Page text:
Yep. Rules in writing aren't like rules in, say, baseball; they're much more flexible. Knowing when to break them is as important as knowing what they are.ReplyDelete
Exactly! I'm glad I found your post today. I followed, so I'll be looking out for more great posts. Hope the book is coming along great, since I see you were picked up over a year ago. And yes, I've used waking up from a nightmare in one of my books, and it was perfect. For me, anyway, and I have to do what's right for *my* story. :)Delete
Interestingly, I didn't know all of these rules. Funnily enough, several of these have been quoted to me in the past year by writers I met on Twitter. Ignorant of many of these rules, I began reading my favourite authors' work in a new light. Did they break the rules? You bet! Are they sold in 44 countries and translated in 25? Yep! I am with you, Carmen!ReplyDelete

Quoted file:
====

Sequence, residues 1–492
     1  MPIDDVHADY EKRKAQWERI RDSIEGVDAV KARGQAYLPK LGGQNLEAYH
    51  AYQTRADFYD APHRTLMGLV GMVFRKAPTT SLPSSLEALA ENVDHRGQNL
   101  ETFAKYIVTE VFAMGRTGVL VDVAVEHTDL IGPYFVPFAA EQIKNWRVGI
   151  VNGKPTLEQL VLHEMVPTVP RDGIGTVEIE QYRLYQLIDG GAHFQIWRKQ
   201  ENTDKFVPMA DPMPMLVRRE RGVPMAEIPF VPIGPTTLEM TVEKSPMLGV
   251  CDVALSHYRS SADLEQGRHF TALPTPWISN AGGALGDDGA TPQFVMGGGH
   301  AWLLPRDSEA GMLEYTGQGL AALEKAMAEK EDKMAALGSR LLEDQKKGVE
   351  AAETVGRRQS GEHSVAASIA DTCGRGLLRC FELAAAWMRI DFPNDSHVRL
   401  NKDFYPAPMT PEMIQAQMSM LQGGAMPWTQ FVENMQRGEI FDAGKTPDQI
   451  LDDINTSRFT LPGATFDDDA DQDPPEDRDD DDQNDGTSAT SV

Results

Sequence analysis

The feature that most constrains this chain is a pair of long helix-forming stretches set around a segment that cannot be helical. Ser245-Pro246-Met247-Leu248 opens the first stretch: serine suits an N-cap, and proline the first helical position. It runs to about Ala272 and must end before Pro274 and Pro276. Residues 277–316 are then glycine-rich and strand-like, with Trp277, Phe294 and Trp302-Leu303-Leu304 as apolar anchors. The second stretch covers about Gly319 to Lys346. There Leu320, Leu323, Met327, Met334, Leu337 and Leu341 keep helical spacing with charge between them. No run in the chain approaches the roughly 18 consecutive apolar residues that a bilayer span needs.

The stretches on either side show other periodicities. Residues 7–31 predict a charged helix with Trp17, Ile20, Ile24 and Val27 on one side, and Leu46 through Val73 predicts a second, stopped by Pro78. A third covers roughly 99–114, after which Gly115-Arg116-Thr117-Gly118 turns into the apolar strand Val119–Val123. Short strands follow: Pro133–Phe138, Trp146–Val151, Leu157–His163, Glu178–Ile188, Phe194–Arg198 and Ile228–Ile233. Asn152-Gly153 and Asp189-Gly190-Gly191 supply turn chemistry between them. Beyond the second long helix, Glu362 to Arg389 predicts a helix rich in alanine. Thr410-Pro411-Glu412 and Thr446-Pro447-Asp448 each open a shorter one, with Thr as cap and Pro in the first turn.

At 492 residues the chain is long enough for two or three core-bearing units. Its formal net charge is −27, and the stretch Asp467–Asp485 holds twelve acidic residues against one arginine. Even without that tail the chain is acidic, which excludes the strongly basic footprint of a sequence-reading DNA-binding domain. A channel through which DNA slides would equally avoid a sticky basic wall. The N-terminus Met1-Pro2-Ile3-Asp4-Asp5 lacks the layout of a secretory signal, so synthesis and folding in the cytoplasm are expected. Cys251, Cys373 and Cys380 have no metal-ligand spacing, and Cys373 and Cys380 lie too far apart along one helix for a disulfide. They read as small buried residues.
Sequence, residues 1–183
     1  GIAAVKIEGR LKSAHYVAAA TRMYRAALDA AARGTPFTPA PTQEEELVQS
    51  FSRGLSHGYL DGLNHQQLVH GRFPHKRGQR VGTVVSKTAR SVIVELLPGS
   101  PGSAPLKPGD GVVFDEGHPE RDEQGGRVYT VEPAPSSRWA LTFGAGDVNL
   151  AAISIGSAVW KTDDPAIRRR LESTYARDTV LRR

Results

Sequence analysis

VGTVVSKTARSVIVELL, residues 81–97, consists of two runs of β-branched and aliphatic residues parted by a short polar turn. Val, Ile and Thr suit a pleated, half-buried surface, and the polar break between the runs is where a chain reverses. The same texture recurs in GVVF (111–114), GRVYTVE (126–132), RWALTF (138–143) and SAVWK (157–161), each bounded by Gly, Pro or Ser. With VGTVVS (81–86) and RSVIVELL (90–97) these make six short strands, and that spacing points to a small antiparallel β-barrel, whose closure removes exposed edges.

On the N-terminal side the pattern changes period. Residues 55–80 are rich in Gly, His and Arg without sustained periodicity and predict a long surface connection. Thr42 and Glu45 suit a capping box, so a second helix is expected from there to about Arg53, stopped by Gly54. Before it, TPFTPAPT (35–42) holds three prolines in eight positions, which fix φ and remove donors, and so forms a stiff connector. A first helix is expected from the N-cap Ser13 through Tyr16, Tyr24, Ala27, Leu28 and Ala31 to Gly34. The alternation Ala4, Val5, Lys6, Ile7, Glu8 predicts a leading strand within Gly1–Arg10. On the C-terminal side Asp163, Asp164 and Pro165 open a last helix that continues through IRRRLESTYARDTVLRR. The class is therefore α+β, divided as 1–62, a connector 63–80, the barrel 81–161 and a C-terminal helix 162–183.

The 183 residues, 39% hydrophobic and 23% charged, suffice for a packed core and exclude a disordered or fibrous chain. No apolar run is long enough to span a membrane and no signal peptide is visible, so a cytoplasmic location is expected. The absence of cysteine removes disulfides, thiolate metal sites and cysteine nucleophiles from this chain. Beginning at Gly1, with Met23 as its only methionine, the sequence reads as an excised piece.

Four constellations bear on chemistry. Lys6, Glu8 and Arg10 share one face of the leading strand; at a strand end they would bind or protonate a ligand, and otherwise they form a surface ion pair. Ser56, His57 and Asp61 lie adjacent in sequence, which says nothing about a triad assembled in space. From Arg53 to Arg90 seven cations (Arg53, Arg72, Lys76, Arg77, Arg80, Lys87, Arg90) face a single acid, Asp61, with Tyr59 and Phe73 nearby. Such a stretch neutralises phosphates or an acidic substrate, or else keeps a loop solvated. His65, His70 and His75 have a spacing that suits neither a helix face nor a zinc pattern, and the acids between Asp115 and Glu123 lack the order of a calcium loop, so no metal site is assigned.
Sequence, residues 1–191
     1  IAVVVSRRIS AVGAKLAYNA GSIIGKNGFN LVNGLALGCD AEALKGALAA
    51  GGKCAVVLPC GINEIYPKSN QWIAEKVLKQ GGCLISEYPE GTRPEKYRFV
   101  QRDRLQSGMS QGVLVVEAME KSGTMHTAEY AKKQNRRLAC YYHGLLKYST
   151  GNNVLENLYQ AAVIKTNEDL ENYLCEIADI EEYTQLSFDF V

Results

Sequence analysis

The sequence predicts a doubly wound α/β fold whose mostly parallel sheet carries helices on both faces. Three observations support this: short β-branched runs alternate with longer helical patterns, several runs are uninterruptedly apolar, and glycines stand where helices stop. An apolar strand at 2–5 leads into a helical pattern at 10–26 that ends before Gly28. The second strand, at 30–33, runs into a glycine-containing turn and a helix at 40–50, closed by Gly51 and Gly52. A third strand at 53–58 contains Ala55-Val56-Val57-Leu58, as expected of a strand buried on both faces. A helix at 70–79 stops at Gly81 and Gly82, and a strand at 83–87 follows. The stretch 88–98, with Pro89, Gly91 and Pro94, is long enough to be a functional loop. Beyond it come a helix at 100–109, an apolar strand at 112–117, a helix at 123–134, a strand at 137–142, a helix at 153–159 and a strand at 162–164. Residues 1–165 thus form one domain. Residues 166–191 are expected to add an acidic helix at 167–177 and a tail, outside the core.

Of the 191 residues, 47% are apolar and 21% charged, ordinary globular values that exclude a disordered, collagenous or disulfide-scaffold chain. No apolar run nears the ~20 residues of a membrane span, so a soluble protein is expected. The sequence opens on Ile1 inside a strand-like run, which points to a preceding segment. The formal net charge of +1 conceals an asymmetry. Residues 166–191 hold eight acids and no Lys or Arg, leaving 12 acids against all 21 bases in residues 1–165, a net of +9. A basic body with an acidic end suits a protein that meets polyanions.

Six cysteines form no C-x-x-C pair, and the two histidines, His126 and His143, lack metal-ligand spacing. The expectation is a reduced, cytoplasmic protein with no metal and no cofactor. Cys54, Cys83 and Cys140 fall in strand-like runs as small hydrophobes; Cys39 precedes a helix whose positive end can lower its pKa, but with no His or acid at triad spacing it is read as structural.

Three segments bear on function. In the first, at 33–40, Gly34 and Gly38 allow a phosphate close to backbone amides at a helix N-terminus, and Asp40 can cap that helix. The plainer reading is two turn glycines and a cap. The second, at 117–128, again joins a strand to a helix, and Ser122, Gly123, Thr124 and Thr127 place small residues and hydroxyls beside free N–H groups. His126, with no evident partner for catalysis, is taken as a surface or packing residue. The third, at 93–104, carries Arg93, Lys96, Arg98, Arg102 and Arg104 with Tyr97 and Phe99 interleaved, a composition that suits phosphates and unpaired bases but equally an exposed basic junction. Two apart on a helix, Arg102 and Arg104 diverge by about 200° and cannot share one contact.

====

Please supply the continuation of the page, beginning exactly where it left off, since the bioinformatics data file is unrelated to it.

Thank you, Susan. I'm glad you enjoyed the post. Yeah...it amazes me how often I see those types of posts. I understand that new authors are looking for direction, so I don't begrudge anyone for trying to help. BUT...if a prologue works, use it! If--as YA Guy mentioned above--a character waking up is the way to start a story, by all means, write your heart out. That goes for passive writing, using contractions and split infinitives, and starting your sentences with 'and' or 'but'. These are not hard-fast rules; they are suggestions. So if your prose is riddled with them, yes, you have an issue. On the other hand, though, if it sounds unnatural to write in active tense or without using a split infinitive, you better not do it. All that matters is that the reader 'gets' it. Trust me...I learned the hard way. :) Thanks for stopping by, my friend.Delete